Self-Defense: An Eroding Right for Officers

The rights of law enforcement officers are under assault in this country. And no right should be dearer to you than your right to defend yourself against false claims and violent attacks.

The rights of law enforcement officers are under assault in this country. And no right should be dearer to you than your right to defend yourself against false claims and violent attacks.

Los Angeles. On the afternoon of Sept. 11 officers of the LAPD were called to a side street off Ventura Boulevard in the affluent neighborhood of Studio City. There, across from the offices of the Directors Guild of America, a couple was reportedly having sex in a car. The couple was questioned by the officers and patrol supervisor Sgt. Jim Parker who had arrived on scene to help. When Parker asked for identification from the female subject, she refused so he handcuffed her and detained her.

The woman's boyfriend recorded part of the incident on his cell phone. That video showing the woman crying and in cuffs was posted on YouTube. And then the couple went to the media, claiming all they had been doing was kissing in their car, that some bigot at the DGA had called in a complaint about them because she was black and he was white, and that the evil, racist LAPD had profiled them and mistreated them. What the couple didn't know was that the incident was also captured on video by people inside the DGA and by Parker's in-car video system. Once those images surfaced, their story fell apart so quickly that even African-American community activists—who are no friends of the LAPD—told them they should apologize to the cops. They've also been charged with lewd behavior, a misdemeanor.

So the starlet whose only claim to fame is a bit part in "Django Unchained" was caught having sex in public, lied about what she was doing and about her treatment by the LAPD, and the righteous prevailed. That's the end of the story.

Well, not exactly. Sgt. Jim Parker may still be fired over this incident and because of what he did in its aftermath. You see, Parker got fed up with the LAPD letting the accusations against him and his officers go unanswered. So after days of being smeared in the press, he turned over the recording from his patrol vehicle to TMZ.com.

That video was extremely beneficial to the officers of the LAPD, as it turned public opinion about the incident in their favor. Yet, Parker faces possible dismissal for not following protocol and the chain of command.

So do officers have a right to defend themselves against false accusations in the press? I leave the answer to you.

Seattle. Late last month a federal judge ruled that a group of officers from the Seattle Police Department can't sue the city and the judge who wrote the department's use-of-force policy under a federal consent decree. The officers may appeal, but they probably don't have a chance to prevail. Let's face it, the deck is stacked against them.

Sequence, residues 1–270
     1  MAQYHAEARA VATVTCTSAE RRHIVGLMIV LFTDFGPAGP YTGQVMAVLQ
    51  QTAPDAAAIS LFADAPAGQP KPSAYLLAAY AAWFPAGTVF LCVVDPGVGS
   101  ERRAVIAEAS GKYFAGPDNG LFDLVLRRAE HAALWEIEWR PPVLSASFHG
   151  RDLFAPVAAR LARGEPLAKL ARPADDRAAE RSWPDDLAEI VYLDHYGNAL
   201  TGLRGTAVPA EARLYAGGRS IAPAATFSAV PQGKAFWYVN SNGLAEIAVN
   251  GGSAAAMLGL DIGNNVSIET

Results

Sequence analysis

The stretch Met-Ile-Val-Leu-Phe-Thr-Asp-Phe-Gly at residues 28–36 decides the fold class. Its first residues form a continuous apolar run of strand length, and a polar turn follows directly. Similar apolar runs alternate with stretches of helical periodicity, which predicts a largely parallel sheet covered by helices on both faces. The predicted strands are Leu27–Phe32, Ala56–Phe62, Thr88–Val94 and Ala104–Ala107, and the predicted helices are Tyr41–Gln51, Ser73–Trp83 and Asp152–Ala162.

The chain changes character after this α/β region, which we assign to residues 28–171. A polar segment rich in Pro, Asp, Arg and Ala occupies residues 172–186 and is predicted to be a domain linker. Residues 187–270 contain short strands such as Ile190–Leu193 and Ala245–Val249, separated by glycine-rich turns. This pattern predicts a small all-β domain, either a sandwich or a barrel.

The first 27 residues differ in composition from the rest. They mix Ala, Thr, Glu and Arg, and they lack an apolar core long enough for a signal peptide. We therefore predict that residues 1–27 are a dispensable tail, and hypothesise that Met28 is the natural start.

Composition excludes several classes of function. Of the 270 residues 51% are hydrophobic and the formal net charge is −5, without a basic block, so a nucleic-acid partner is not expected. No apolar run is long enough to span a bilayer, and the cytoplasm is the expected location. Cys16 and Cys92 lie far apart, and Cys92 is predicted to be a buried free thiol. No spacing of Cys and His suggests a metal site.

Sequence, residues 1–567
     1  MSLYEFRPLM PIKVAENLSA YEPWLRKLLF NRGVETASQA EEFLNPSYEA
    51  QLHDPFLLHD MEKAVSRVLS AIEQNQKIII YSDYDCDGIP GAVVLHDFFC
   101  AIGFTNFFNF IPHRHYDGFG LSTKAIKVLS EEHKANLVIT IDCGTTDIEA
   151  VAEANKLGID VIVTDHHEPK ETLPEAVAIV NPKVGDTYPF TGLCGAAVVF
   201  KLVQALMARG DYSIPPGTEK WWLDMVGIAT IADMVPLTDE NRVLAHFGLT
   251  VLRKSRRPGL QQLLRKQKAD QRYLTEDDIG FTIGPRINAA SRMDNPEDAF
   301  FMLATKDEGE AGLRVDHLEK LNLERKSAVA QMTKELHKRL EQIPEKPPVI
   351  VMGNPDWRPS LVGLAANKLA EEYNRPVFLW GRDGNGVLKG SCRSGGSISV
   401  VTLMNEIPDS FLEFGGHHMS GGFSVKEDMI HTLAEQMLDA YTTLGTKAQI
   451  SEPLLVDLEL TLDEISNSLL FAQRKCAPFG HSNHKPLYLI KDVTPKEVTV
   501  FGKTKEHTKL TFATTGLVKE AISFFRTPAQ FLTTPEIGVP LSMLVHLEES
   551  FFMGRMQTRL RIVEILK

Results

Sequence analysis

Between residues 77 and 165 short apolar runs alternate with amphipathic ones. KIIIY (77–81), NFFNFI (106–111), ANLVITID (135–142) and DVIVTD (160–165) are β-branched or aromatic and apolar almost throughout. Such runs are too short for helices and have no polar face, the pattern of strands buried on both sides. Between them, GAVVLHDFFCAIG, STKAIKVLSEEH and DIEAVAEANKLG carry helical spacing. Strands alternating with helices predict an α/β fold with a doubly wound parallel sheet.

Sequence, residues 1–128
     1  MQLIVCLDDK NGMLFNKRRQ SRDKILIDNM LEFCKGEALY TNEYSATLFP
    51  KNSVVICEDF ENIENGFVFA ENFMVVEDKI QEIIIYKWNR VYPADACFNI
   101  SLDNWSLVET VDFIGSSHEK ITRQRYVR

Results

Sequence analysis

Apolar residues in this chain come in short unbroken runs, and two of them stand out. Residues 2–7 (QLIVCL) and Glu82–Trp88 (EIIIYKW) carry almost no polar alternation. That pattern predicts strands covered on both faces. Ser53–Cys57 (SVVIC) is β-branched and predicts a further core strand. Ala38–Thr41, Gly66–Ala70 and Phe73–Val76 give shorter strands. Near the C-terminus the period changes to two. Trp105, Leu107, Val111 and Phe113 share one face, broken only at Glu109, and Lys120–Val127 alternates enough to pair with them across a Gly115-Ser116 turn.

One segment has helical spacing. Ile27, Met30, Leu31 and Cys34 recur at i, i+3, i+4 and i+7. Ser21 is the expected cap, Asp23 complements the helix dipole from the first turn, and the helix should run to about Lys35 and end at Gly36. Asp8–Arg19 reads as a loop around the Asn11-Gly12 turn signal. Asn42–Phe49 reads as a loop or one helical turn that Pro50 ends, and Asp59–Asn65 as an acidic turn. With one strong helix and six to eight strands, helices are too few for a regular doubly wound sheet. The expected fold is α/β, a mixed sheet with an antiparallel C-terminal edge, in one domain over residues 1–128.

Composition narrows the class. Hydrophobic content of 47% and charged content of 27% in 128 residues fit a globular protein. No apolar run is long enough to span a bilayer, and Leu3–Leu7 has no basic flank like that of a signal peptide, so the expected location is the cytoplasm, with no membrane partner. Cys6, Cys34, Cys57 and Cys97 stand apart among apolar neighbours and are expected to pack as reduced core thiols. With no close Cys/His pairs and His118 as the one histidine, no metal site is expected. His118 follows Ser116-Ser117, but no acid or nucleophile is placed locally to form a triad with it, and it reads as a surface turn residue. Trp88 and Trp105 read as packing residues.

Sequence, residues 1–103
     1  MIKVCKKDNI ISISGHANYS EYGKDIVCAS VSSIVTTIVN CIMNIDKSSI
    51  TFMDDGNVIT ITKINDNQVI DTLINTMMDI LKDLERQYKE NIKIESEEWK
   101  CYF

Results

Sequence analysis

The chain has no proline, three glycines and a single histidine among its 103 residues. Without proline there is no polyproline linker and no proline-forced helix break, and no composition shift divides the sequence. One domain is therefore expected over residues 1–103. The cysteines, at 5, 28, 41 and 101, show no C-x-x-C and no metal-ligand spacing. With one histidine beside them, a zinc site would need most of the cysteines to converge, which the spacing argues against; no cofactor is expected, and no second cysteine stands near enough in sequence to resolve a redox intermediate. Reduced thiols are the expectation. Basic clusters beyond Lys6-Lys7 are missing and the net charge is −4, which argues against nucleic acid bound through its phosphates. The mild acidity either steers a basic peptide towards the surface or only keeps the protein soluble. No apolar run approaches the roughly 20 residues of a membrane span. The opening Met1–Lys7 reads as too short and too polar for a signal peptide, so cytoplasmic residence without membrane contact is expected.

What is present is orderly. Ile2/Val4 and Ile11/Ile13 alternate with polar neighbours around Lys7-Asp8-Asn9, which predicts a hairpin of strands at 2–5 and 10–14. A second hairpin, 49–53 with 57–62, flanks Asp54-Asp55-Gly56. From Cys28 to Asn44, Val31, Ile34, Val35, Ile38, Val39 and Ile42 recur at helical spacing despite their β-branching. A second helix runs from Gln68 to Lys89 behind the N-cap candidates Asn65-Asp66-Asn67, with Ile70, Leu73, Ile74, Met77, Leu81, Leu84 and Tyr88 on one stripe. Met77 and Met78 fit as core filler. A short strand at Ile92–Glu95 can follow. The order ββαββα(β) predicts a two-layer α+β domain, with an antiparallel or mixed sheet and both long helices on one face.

So do you have a right to defend yourself against a restrictive use-of-force policy that you believe to be unconstitutional? Evidently not.

Ferguson. At press time, it's looking more and more like Officer Darren Wilson's account of what happened on Saturday Aug. 9 when he shot and killed Michael Brown, namely that Brown assaulted him and tried to take his duty pistol, can be proved by evidence.

But it's also looking more and more like, regardless of the evidence, the Department of Justice will not abide any finding by the St. Louis County grand jury other than charges of manslaughter or even murder against the Ferguson officer.

The day after the official autopsy of Brown leaked to the press, the DOJ whined to the same press that the leaks of such information are "irresponsible." And out-going Attorney General Eric Holder told Justice Department lawyers that he was "exasperated by the selective flow of information out of Missouri."

It seems the AG is very concerned that the leaks are prejudicing the case in Wilson's favor. Which is just rich, considering that Holder has done everything he possibly can to prejudge the case against Wilson and has basically let the American people know through his actions that he won't be satisfied with anything short of a guilty verdict against the officer. Which means it's a pretty safe bet that even if the grand jury fails to indict, the DOJ will haul Wilson into the dock on civil rights charges. (Note: This column was written before a St. Louis County grand jury decided Officer Wilson's shooting of Brown was justified.)

So do you as a local law enforcement officer have a right to defend yourself against the federal government in controversial use-of-force cases? Yes, legally you do. But make no mistake, they will come after you with everything they have.

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